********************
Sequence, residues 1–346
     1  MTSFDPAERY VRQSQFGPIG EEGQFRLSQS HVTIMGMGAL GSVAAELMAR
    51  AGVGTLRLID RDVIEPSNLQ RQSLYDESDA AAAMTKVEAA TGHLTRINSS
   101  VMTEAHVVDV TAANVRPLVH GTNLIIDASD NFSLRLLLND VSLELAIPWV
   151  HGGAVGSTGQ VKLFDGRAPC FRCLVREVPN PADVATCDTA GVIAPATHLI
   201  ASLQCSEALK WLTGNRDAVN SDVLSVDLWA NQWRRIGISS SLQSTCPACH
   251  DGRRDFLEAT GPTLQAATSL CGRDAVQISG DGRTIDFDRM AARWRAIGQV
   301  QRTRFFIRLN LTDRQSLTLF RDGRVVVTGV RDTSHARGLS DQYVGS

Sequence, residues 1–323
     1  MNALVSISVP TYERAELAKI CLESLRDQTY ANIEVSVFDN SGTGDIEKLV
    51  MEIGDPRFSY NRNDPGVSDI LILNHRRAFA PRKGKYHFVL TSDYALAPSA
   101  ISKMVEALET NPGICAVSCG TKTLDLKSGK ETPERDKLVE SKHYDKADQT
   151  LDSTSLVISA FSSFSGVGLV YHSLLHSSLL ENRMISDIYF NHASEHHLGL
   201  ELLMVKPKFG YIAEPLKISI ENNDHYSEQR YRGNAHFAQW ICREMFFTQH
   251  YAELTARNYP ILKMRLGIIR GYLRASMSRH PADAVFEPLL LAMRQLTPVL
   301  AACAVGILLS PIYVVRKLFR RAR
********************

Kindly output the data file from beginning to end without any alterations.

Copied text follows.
Sequence, residues 1–346
     1  MTSFDPAERY VRQSQFGPIG EEGQFRLSQS HVTIMGMGAL GSVAAELMAR
    51  AGVGTLRLID RDVIEPSNLQ RQSLYDESDA AAAMTKVEAA TGHLTRINSS
   101  VMTEAHVVDV TAANVRPLVH GTNLIIDASD NFSLRLLLND VSLELAIPWV
   151  HGGAVGSTGQ VKLFDGRAPC FRCLVREVPN PADVATCDTA GVIAPATHLI
   201  ASLQCSEALK WLTGNRDAVN SDVLSVDLWA NQWRRIGISS SLQSTCPACH
   251  DGRRDFLEAT GPTLQAATSL CGRDAVQISG DGRTIDFDRM AARWRAIGQV
   301  QRTRFFIRLN LTDRQSLTLF RDGRVVVTGV RDTSHARGLS DQYVGS

Sequence, residues 1–323
     1  MNALVSISVP TYERAELAKI CLESLRDQTY ANIEVSVFDN SGTGDIEKLV
    51  MEIGDPRFSY NRNDPGVSDI LILNHRRAFA PRKGKYHFVL TSDYALAPSA
   101  ISKMVEALET NPGICAVSCG TKTLDLKSGK ETPERDKLVE SKHYDKADQT
   151  LDSTSLVISA FSSFSGVGLV YHSLLHSSLL ENRMISDIYF NHASEHHLGL
   201  ELLMVKPKFG YIAEPLKISI ENNDHYSEQR YRGNAHFAQW ICREMFFTQH
   251  YAELTARNYP ILKMRLGIIR GYLRASMSRH PADAVFEPLL LAMRQLTPVL
   301  AACAVGILLS PIYVVRKLFR RAR